• Smuggling: There have been multiple cases where criminal organizations or individuals have used drones to smuggle illicit material, usually across borders or into prisons. In November 2013, a drone was spotted flying over the walls of a prison in Quebec, and in March 2014, a similar event occurred in Australia. Earlier this year, a drone carrying drugs was discovered crashed just south of the U.S.-Mexico border.
  • Electronic Attack: At the 2014 Black Hat security conference in Singapore, information security firm SensePost revealed Snoopy, a drone that can hack into WiFi and steal the data on those networks. In what is known as a “karma attack,” Snoopy can also impersonate a network that an unsuspecting user might join, whereupon the code would steal that users’ data. This method could be used to particular effect in a crowded environment where many people have their cell phones automatically searching for WiFi networks. In February, it was revealed that AdNear, a Singapore-based marketing firm, was experimenting with commercially available drones that would help to deliver targeted advertisements by collecting data on cell phones.
  • Kinetic Attack: In this scenario, an attacker might strap guns or explosives to a drone and fly it into people or structures to inflict physical damage or loss of life. The targets of these attacks may be individuals, buildings, or transportation infrastructure such as commercial airliners. In 2011, 26-year-old Rezwan Ferdaus was arrested “in an FBI undercover operation and accused of planning to build small explosive-laden drones to attack the Pentagon and the U.S. Capitol, according to law enforcement officials.” In an article at Wired, Kevin Poulsen reported that, at a conference hosted by the Department of Homeland Security in January, counterterrorism officials displayed several models of drones that were outfitted with inert explosives.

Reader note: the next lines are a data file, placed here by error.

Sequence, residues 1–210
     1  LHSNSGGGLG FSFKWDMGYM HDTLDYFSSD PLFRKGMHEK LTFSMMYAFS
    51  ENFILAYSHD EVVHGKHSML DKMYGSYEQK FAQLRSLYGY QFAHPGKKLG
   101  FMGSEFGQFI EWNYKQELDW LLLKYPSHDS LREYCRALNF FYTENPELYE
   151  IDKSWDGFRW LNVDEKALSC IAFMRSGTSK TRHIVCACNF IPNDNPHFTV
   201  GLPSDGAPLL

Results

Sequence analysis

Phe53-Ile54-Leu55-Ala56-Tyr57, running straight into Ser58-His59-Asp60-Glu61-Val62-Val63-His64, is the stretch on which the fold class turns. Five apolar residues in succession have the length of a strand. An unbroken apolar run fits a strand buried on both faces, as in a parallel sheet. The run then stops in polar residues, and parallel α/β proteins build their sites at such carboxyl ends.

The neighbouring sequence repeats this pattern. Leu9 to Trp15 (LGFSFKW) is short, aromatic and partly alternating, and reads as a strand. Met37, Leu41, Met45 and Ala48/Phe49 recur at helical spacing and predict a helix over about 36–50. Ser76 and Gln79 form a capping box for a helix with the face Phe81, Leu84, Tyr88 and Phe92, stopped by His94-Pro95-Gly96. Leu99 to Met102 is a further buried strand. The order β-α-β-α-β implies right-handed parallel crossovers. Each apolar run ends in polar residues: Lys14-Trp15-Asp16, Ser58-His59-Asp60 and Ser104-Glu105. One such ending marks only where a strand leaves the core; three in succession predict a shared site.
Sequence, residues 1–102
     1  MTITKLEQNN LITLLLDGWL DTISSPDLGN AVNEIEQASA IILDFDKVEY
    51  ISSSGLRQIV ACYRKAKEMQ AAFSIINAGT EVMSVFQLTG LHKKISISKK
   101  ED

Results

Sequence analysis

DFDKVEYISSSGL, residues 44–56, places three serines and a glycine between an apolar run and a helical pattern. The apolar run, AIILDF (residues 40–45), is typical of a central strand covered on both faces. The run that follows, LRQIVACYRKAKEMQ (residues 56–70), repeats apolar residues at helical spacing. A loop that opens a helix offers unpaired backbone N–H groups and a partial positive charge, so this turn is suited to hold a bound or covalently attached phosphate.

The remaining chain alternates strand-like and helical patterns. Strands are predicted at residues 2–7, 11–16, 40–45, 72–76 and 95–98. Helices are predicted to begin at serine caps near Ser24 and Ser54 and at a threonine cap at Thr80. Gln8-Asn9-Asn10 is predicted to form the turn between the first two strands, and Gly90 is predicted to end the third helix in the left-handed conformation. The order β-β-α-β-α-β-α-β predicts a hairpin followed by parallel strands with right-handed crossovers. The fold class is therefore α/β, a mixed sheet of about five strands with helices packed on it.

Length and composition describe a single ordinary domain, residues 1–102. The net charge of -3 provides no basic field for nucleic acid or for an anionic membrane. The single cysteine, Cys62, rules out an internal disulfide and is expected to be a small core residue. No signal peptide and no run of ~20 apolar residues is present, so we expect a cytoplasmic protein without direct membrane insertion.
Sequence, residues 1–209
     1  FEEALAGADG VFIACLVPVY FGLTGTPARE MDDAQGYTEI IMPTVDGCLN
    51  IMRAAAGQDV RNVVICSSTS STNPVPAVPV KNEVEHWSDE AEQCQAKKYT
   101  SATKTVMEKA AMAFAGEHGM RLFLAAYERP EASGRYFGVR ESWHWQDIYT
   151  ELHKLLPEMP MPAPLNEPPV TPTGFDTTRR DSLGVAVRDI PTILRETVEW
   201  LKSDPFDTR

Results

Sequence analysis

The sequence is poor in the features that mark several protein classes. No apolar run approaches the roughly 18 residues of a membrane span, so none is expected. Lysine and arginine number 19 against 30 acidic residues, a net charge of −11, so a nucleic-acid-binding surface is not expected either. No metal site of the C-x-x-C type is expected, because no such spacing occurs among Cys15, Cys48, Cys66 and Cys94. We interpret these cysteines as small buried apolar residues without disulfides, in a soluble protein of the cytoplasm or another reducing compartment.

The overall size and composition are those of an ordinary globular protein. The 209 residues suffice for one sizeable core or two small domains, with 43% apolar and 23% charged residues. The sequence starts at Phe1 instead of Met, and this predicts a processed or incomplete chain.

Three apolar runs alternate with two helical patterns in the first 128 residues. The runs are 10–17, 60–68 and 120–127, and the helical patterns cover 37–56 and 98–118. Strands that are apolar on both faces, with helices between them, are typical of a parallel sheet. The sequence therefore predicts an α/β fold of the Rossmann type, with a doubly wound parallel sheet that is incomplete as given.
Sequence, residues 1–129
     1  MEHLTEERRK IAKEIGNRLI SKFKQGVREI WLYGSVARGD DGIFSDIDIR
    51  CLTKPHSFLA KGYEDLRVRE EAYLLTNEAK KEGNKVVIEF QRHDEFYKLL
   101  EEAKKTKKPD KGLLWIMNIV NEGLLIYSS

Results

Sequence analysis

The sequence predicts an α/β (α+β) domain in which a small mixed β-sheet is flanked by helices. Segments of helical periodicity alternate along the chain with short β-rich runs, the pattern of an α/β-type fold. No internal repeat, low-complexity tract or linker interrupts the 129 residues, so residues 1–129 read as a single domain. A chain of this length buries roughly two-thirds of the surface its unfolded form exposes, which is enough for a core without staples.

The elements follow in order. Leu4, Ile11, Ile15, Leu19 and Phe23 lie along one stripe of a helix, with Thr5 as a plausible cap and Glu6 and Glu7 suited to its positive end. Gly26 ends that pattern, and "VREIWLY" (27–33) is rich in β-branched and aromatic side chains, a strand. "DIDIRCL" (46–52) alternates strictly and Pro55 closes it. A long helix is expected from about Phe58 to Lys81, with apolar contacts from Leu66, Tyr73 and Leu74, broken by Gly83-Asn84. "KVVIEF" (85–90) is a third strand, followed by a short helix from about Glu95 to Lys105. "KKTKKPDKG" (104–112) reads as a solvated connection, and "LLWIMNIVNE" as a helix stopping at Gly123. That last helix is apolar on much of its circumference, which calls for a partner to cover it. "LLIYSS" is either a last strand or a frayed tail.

• WMD Attack: An attacker could use a drone to spray a weaponized chemical or biological agent over, for example, a crowd of people or in a downtown area. This scenario predates the rise of mass-market drones like the Phantom. In 2003, then-Secretary of State Colin Powell warned that Iraq was planning on using drones to deliver chemical weapons. A claim that we now know to be false. The Pentagon, however, is not ruling out this scenario, and in October 2014, it solicited information on countermeasures for drones armed with chemical or biological agents like Sarin.

Limitations of Drones as Weapons